Linux in the Studio: The Test Drive

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by Nate Austen

Back in November 2014 (Vol 27, No. 11), Gord Williams wrote a piece for RAP magazine, introducing the Linux operating system to subscribers and production folk everywhere, as a replacement for Windows and perhaps the Mac OS. Bravo Gord, and thank you for that.

I’ve been inside the Linux box for several years now, doing graphics, audio recording and editing, a little video production, one feeble try at 3D animation, some ham radio, and actual radio station automation. And, with one or two exceptions, all of it was for free – thanks to Linux and free open-source software.

Gord laid down a deep foundation as to the whys-and-whats of Linux in your plant. I’d like to introduce you to a bunch of software that can help get you started in this new sphere of production tools.

These programs and apps are not direct, pop-in free replacements for some of your favorites (there is no free identical clone of Photoshop, for example), but are more than capable of getting the job done. And the fact you are ahead several hundred bucks at the other end speaks volumes.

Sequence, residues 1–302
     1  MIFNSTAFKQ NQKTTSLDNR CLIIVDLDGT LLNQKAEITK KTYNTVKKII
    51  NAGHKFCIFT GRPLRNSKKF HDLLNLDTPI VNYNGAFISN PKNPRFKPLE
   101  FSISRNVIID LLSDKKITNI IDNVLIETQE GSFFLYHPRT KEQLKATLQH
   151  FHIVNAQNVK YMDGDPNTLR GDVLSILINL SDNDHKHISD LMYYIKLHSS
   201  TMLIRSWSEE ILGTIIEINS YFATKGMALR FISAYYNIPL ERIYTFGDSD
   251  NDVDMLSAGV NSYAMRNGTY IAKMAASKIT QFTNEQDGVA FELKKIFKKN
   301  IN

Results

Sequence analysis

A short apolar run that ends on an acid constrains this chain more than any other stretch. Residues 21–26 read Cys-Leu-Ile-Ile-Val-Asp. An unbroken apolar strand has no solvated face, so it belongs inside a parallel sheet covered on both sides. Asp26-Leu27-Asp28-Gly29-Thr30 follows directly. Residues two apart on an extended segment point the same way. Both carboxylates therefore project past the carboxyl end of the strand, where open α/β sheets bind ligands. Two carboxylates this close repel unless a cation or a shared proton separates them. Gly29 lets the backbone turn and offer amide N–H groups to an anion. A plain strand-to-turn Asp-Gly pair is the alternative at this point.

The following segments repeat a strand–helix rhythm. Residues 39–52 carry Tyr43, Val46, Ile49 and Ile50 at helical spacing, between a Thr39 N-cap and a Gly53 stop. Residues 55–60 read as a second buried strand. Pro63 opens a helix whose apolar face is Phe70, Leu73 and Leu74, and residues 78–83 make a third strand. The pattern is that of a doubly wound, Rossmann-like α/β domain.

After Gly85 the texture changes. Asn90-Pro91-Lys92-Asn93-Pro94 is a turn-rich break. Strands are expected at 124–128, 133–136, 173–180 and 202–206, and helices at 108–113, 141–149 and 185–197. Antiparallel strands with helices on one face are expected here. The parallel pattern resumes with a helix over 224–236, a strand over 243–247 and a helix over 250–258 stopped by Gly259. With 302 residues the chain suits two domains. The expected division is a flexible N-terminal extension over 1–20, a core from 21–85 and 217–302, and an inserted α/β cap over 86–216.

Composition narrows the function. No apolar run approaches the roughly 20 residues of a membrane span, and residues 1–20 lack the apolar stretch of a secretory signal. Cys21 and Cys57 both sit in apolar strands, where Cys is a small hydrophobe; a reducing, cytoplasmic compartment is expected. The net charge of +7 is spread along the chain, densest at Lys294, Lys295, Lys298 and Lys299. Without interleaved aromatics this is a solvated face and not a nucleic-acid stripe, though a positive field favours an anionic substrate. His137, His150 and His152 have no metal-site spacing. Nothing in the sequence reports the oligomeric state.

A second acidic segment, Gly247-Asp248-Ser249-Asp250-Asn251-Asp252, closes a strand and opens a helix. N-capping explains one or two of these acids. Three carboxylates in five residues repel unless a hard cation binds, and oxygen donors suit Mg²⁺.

Keep the computer handy. A good number of the pieces I’ll be talking about here have demos and tutorial videos posted all over the Web by users and fans. You can see what Linux software can do before you try any out.

Mixxx-1.11.0 web

AUDIO

First, let’s talk about individual software, then I’ll tell you how to get a whole big honkin’ disk of the stuff all at one time, rather than gather the apps piecemeal.

I’ll open with a little deejay fun courtesy of MIXXX, a free MP3 DJ deck for all three platforms (Win, Lin and Mac). Mixxx gives you two Players, a quad sample player, smooth crossfaders, EQ, a BPM detector, and the ability to Shoutcast directly from the computer. Basically, this is the same software that wedding DJs and club jocks use, but didn’t cost $700. Look for several Mixxx videos on the web, then get your copy at www.mixxx.org.

Audio recording and editing is at the heart of what we do. You may already be using the most fundamental multitrack editor out there: Audacity. Totally free, insanely useful, and again works across all three major platforms. Some may blanch at its rather juvenile-looking GUI, and you probably wouldn’t want Audacity as your primary DAW in a Top 10 market station, but it is THE go-to editor for cutting and trimming news soundbites, recording and editing commercial voices, processing audio files (Audacity has a pretty good plug-in toolkit and VST compatibility), you name it. Being totally free, you can put this on every desktop in the station and take copies home with the authors’ blessings. http://audacity.sourceforge.net/

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